Publication Date: 15-Nov-11 | ISBN: 9781844718788 | Trim Size: 198 x 129 mm | Extent: 64pp | Format: Hardback
UK & International Distribution: | Publishing Status: Active
The Angel of Salonika is a haunting, multi-layered book about place, language and remembrance, and the way they make us who we are. Winner of the Crashaw Prize, it is a first collection of poetry by a bestselling memoir writer, broadcaster and British university professor who grew up in communist Yugoslavia but then moved to London.
The collection begins and ends with the same summer in Macedonia thirty years ago, and tells the story of a vanished Balkan homeland but it also describes learning to live, love – and write poetry — in a new language. Goldsworthy’s poems are both melancholy meditations on a lost world, deeply permeated with a Chekhovian feeling of transience, and witty and often acerbic celebrations of London here and now — of its rivers of humanity, the secrets lurking behind its terraces, in its churches, mosques and temples, its street markets and railway stations, and almost empty restaurants during late afternoons. This is a well-travelled book, packed with memory and incantation, conjuring landscapes and people. It is beautifully written and, like all great poetry, it forms an ideal, entertaining companion.
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TABLE OF CONTENTS
Summer on Pelion; Notebooks; Black Linen; The Windfalls; He Stands So Thin and Waits; Paperweight Snowstorm; West London Afternoon; Departure Board; A Winter Postcard from Istanbul; Lullaby; Yugoslav Nocturnes; Three Eighteen; Venice, Intermezzo; Rebecca in Macedonia; Out of the Blue; The Birthday Concert; Germany; The Angel of Salonika; Afterword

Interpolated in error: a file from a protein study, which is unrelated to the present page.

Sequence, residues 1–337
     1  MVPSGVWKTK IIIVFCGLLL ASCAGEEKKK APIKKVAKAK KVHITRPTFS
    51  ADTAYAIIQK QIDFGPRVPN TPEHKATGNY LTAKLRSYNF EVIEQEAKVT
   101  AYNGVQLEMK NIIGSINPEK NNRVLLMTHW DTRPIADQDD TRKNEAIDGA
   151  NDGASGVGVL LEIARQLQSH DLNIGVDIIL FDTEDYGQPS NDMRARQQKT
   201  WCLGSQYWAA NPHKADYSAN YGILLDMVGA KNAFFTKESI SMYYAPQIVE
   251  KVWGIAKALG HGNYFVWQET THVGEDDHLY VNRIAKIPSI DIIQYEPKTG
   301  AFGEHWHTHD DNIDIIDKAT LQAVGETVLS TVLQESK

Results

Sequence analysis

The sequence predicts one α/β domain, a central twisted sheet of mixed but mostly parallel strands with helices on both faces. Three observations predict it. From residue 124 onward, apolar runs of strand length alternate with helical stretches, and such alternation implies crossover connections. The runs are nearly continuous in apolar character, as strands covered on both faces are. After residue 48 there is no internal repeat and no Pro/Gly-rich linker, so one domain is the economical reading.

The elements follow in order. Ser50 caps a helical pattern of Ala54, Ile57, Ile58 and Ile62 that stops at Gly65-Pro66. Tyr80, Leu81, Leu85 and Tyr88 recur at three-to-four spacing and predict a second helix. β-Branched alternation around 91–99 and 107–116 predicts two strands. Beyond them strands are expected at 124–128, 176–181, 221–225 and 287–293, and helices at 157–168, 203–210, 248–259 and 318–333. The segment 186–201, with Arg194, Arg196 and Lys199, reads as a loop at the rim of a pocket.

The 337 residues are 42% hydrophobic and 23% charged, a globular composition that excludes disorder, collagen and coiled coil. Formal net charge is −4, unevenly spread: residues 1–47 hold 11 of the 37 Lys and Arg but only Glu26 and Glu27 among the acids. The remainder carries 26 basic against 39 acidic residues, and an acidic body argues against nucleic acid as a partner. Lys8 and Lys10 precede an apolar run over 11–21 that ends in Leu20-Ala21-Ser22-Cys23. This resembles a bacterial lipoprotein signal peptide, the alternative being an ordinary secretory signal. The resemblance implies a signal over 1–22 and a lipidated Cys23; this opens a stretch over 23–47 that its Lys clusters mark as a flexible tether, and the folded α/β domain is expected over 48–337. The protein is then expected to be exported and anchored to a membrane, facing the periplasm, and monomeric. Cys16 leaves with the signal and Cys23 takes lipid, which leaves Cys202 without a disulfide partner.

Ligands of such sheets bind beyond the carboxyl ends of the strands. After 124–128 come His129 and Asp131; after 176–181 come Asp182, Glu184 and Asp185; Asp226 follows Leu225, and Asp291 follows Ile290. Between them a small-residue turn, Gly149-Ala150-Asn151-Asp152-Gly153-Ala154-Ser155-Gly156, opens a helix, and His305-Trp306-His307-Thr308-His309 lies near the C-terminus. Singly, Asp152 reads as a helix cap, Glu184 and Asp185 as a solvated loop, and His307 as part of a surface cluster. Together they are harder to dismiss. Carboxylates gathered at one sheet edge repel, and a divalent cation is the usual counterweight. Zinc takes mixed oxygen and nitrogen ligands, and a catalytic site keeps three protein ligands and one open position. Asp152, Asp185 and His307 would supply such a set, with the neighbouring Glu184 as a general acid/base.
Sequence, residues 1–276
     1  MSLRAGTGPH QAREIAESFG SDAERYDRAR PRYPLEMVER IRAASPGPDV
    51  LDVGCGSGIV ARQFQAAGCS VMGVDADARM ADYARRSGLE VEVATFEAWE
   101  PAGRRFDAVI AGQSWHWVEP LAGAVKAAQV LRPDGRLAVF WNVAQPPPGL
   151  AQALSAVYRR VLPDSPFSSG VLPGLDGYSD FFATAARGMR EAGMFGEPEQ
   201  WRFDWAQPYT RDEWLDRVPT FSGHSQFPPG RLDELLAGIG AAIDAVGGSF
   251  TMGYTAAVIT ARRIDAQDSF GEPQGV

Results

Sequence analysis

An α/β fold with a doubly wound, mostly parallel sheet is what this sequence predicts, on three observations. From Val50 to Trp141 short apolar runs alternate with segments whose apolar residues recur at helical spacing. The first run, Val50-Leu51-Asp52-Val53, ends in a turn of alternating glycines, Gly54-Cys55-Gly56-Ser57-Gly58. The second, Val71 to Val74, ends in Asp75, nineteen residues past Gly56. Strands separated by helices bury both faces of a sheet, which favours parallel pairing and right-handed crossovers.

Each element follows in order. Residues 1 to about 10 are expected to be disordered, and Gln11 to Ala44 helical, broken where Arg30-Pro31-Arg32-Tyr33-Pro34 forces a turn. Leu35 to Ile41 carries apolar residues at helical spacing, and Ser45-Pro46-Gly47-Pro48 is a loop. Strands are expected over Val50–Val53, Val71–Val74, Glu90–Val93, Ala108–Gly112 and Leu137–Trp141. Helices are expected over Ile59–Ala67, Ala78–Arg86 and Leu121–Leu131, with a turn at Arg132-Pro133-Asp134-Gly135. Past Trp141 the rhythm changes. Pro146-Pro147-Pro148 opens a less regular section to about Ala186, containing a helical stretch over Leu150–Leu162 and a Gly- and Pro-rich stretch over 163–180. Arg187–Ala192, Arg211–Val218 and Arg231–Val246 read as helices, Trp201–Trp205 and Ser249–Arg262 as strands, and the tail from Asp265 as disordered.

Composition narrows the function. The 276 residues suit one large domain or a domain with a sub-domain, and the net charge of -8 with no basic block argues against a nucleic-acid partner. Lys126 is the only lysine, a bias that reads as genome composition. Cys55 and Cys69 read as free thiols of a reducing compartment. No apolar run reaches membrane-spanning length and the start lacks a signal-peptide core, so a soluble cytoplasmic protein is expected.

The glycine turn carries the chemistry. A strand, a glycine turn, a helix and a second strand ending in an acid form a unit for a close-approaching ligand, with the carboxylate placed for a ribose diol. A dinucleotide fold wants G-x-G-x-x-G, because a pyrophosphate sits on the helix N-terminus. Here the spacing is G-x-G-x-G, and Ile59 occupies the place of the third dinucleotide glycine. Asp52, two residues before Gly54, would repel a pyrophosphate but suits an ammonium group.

PRAISE FOR THIS BOOK
“The Angel of Salonika moves on the shadowy borders where the wounds of separation turn into the scars of loss. European in sensibility, elegiac in tone, these poems mark the arrival of a welcome new voice in English poetry.” —
“Vesna Goldsworthy bursts into the poetry world fully formed. Her poems are ravishing meditations, written with deftness and assurance. The poems are cultured in the best way and stem from a deep engagement with history, held in balance with love and loss. Wonderful.” —
“These poems are lovely. Freighted with history and personal experience, they move with great clarity and control and are gorgeously precise… Reminiscent of Cavafy.” —
Vesna Goldsworthy, born in Belgrade in 1961, is the author of two widely translated books, Inventing Ruritania: the Imperialism of the Imagination (Yale, 1998); and a memoir, Chernobyl Strawberries (Atlantic, 2005), describing her youth in communist Yugoslavia and emergence as a Serbian poet. Serialized in The Times and read by Vesna herself as Book of the Week on BBC Radio Four, it has been a bestseller in several European languages. She lives in West London with her husband and young son.